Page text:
“Joseph has been researching and experimenting to pioneer more effective physical therapy techniques and tools to treat chronic pain. His technique is called Advanced Soft Tissue Release, or ASTR. We literally take some designs from napkin sketches to create new physical therapy tools he can actually use. As Dr. Jacobs has moved from using these tools and techniques in his personal practice to licensing other physical therapists in these techniques, I have been helping him do low volume production by casting his tools using clear epoxy resin. I’ve taken his final tool designs, 3D printed master copies then used post-processing techniques to get them glass smooth. I then made a two-part silicone mold of the tool to produce small batches of these tools. This has provided him with a short-term solution before making the costly investment of getting his tools injection molded.”
Initial 3D Print of Physical Therapy Tool
“3D printing these tools helped him quickly test how effective they were and improve on those designs very rapidly. I have designed and printed over a hundred iterations of his five primary tool designs, which he has now patented.”
Post Production of Physical Therapy Tool with Blue Filament
Drew is quick to admit that 3D printing has become his main hobby, as it allows him to completely open up new opportunities for designing and printing custom parts for his RC planes and racing drones that otherwise wouldn’t be possible. He also fixes things around the house that would have otherwise been thrown away.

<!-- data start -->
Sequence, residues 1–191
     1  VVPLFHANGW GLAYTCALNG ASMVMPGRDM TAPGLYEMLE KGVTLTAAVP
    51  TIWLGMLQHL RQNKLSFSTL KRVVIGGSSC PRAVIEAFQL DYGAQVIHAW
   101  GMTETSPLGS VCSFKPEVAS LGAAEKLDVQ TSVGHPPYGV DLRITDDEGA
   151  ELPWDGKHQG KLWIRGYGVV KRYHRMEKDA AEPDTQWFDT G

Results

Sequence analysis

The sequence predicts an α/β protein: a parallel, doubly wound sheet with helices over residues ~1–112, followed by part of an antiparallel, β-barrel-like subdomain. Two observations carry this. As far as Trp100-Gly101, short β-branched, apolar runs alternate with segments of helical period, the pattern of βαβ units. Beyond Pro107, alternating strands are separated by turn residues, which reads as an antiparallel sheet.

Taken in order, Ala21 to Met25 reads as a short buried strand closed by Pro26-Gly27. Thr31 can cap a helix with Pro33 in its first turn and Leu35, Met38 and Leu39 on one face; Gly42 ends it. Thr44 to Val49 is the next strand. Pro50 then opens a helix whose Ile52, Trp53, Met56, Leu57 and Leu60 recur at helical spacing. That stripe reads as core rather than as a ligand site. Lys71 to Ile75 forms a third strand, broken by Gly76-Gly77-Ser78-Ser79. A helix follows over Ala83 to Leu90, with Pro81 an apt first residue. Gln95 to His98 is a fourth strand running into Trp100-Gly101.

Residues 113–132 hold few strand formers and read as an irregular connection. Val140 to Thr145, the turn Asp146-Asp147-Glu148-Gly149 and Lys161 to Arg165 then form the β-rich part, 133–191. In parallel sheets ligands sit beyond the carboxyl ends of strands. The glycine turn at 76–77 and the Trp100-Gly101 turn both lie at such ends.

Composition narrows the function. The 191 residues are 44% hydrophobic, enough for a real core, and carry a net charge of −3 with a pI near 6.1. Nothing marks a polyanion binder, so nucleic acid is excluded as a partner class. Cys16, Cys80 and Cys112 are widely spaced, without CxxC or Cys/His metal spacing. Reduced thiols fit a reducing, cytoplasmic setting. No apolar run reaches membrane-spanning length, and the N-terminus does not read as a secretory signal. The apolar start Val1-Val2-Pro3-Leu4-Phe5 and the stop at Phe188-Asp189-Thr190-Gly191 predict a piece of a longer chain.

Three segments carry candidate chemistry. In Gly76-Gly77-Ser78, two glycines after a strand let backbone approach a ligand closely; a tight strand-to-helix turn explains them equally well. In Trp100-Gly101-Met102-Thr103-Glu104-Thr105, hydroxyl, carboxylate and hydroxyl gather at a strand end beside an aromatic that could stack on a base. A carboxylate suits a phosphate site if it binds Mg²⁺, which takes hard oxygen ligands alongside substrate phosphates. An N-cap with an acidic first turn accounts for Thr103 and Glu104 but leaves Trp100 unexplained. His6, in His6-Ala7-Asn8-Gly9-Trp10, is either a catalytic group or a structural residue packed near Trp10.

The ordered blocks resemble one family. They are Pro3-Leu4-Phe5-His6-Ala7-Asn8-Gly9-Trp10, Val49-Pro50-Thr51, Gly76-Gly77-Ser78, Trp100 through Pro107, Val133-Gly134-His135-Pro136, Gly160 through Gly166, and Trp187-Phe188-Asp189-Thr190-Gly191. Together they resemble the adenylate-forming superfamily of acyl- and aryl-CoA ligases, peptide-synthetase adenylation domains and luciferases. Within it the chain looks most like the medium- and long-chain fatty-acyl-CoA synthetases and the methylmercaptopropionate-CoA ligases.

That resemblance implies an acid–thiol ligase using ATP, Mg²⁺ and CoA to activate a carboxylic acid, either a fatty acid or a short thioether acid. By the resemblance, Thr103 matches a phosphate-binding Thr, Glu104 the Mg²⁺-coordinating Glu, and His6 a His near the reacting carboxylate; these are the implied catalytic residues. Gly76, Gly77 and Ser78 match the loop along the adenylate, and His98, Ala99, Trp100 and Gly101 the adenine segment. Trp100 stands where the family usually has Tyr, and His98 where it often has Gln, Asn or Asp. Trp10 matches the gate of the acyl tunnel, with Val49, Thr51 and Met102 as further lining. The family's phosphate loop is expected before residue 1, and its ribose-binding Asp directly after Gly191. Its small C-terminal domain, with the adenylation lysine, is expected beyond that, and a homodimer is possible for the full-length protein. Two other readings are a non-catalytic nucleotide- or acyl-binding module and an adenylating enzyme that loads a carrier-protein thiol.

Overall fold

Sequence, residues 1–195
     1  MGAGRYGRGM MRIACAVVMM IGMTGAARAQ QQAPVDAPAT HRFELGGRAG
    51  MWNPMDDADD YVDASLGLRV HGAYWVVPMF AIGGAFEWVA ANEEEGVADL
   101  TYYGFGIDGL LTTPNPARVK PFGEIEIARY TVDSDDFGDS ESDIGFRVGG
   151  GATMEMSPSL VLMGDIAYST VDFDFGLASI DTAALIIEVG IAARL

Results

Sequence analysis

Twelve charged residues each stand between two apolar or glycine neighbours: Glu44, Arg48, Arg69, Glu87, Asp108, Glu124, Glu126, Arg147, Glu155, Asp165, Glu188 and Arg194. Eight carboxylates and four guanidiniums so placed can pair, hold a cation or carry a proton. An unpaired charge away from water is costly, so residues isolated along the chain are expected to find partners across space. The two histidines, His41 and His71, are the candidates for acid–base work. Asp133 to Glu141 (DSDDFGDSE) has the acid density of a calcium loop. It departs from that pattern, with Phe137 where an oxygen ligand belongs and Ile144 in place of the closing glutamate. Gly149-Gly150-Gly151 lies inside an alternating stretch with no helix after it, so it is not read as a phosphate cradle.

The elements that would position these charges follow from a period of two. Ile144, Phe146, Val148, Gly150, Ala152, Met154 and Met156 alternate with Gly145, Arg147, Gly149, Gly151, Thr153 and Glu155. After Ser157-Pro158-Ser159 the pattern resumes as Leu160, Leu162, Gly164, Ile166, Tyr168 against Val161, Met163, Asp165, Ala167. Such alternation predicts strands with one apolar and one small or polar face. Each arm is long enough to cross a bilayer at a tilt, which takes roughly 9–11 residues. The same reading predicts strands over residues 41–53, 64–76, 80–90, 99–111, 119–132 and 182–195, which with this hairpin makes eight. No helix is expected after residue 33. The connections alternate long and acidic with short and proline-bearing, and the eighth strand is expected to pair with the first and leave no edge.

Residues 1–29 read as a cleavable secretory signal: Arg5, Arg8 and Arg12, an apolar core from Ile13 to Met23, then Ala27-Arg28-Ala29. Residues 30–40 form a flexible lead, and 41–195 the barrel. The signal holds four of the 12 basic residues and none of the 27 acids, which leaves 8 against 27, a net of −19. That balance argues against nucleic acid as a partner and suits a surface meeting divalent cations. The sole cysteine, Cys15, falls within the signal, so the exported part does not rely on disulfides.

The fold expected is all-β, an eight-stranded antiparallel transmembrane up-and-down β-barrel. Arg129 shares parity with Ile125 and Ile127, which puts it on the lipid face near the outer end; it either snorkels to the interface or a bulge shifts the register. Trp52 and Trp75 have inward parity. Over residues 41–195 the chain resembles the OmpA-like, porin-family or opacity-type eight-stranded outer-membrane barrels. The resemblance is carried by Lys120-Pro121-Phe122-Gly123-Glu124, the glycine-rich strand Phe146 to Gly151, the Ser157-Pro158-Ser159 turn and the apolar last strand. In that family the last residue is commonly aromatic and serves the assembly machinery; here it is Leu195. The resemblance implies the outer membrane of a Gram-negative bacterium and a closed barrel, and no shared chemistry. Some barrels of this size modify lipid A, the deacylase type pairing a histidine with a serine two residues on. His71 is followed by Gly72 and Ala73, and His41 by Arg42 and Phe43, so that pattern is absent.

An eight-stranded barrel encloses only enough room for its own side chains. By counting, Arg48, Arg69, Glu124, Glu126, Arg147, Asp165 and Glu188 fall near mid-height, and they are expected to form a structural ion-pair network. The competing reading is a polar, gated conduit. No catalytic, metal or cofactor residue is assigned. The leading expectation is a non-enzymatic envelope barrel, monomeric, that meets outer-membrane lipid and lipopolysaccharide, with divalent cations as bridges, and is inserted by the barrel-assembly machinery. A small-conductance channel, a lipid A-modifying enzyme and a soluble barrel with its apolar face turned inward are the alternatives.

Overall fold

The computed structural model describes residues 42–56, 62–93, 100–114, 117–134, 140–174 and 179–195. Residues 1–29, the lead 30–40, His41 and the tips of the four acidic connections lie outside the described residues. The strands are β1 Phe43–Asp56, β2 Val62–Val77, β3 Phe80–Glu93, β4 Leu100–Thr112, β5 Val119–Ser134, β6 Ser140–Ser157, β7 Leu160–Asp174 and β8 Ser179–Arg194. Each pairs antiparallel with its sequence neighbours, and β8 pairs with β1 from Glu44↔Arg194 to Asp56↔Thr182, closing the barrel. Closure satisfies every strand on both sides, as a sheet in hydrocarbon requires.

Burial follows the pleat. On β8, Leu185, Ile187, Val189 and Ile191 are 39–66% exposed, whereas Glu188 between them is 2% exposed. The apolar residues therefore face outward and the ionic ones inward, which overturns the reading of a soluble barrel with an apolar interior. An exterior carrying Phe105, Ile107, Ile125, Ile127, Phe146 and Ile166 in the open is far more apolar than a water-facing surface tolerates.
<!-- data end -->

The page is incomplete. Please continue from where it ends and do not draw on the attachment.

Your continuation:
The main bonus? He has been able to design and create fun and original toys for his kids. He has even started to introduce and teach his 6-year old son how to design and print anything he can imagine.
Using the 3D Modeled PT Tool for Mold Casting
While Drew is comfortable with what he is using 3D printing for, he hopes to see it become more accessible to others.
“We have already seen prices for machines drop significantly and software become much more user-friendly, but right now there is still a fairly high level of computer and mechanical competency needed to be successful. For example, a friend recently told me that the organization he works for bought a 3D printer in hopes of using it for some cool applications. However, because no one has the time or ability to tinker with it, it’s been sitting in a box, unused, not even put together. I hope that one day people can drop a design into the 3D printer’s software, and it would analyze it, optimize the print settings, and then print it perfectly.”
Final Silicone Molded PT Tool!
“I think it would need to get to the point of regular paper printers, which can be plugged right into a computer, the drivers are automatically installed, and the user can pretty much push the print button, and it works. I hope it can get to the place where computers have easy-to-use 3D printing software baked right in (like 3D Builder on Windows 10): the user simply needs to plug in his/her printer, open the file, then click print to be successful.”
Pull Through Handle for a Child’s Bow
We are very excited to see how Drew moves forward from here on his path to creating new methods and materials for his professional and hobby 3D activities. We are also eager to see what his children will be doing with 3D printing in the coming years – more ‘Hackers on the way!
Want to be our next Hacker of the Month? Email email@example.com, and tell us about your 3D printed creation – you could be featured in our next newsletter. Hacker of the Month wins 3 free spools of PRO Series PLA or ABS filament to further their pursuit of 3D printing greatness.